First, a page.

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Meade 10" SCT History?

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#26 jallbery

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Posted 19 October 2018 - 12:13 PM

jallbery above stated that LX6s only came in f/6.3. That is also a misunderstanding as they made both f/10 and f/6.3. I have had both. I also used to have a website named Telescope Bluebook where I listed the key elements, year of release, etc. of hundreds of telescopes.

I stand by my statement.

 

A true LX6 is only in F/6.3.   Meade had so many problems with the initial F/6.3 scopes that they had to keep selling the F/10 LX5s.   They then essentially renamed the LX6 as the Premeire line which they then offered in both focal ratios.  There were a variety of models with various levels of accessories (the bigger the number, the nicer the accessories).

 

The above matches what Rod Mollise has documented in his SCT guide.


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#27 jgraham

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Posted 19 October 2018 - 04:54 PM

It is certainly confusing as the LX6 and the Premier used the same mount and it is the mount that usually distinguishes the different models.

A rose by any other name...
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#28 Mike W.

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Posted 19 October 2018 - 09:40 PM

Is the plossl something like this? https://www.cloudyni...l/#entry8896463

 

ds

yes, it's an 18mm

 

It's not a premier, Meade was selling two versions of the LX6 according to a web site I found last night, don't want an argument about what they sold from 1989 to 1992, according to the site they were selling both f/6.3 and f/10 as 2120 LX6.

They had bad feedback from consumers that purchased the f/6.3 so they sold their remaining LX5's f/10 as LX6's and my serial number falls into sequence with the late model LX6 1992.

They had a premier and a plain Jane model.

Mine has the Quratz drive but it only has RA. driven, it could be upgraded to the premier, the controler I have was for a camera that Meade sold during that time.

 

I spent several hours last night and this morning reading about it, including the 80 page owners manual.

https://deepskies.co...stry.aspx#guide

 

I want to thank those here for your time and input, waytogo.gif


Edited by Mike W., 20 October 2018 - 06:32 AM.


#29 luxo II

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Posted 20 October 2018 - 01:33 AM

Mike,

The first question is how the optics perform. Meade’s quality was highly variable - a few really good ones, many average ones and quite a few really awful.

Second ... the Meade electronics were basically crap and didn’t last long - the result being many of their scopes were deforked and put on an EQ mount if the OTA was good.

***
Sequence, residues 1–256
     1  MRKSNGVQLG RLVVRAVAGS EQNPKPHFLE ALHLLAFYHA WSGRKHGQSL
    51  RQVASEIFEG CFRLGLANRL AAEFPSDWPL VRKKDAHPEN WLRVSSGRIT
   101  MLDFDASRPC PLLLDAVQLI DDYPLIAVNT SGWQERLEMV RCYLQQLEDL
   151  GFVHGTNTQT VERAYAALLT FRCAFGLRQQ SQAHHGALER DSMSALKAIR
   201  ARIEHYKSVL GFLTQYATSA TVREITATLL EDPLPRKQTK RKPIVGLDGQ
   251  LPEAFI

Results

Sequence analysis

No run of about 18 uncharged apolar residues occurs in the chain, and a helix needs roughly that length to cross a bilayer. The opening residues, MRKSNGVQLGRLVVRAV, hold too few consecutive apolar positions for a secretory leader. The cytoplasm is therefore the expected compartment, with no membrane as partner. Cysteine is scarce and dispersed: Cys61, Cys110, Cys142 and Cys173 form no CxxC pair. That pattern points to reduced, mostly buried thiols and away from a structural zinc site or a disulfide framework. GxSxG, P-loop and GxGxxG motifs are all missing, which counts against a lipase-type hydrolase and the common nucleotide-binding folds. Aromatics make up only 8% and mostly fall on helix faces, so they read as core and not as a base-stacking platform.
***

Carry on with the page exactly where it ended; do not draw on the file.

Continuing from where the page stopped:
Edited by luxo II, 20 October 2018 - 01:34 AM.


#30 jgraham

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Posted 20 October 2018 - 05:58 AM

I own several scopes of this vintage and they can be real gems. The LX6 (or whatever) was from the late pre-GoTo era and were designed primarily for visual use. Everything is exactly where your hands expect to find them in the dark, making them very comfortable to use. The 10" is particularly nice as it is a relatively large scope, but still very portable. The only problem that I have had with my 10" LX6 (or whatever) is that the slow motion controls can be a little bit of a reach while I am seated, other than that it is a fantastic star-hopping scope. Having restored several of these old scope that the previous owner swore was 'broken' the #1 problem that I have found is collimation. 'Close is good enough' doesn't really work for anything but wide field views. If you take the time to really zero-in the collimation the performance often blossoms, particularly with the f/6.3s (I own 3 of these from the later LX200 era). Another common problem with scopes that have been in storage for a long time is the grease on the mirror slide has dried out a bit causing the mirror to rock a bit when focused. Running the focuser from stop to stop a couple of times can help to redistribute the grease and smooth things out a bit. Always setting the final focus while turning the know counterclockwise (lifting the mirror) also helps. The collimation should also be set after the focuser has been turned counterclockwise to be sure that the mirror is sitting in a stable and reproducible orientation.

 

Have fun!


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#31 Mike W.

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Posted 20 October 2018 - 06:52 AM

Morning luxo II, I've heard the same thing, may have been a quality control thing on the collimation of the 6.3's, being faster they need to be very spot on as jgraham mentioned in the above post.

 

jgraham, the scope has to be disassembled completely for cleaning, spider webs and deposits on the primary, the corrector plate is covered with it too.

When I do that I'll clean all the old dried up grease off, clean the focus control, collimation will have to be star test, 

 

All the photography attachments are vintage, this scope hasn't been used in at least 15yrs.

 

I'll plug in the base to a power supply and see if it moves, according to the manual it's supposed to.

 

Like I said in a previous post, it'll keep me off the streets today, smile.gif


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#32 Mike W.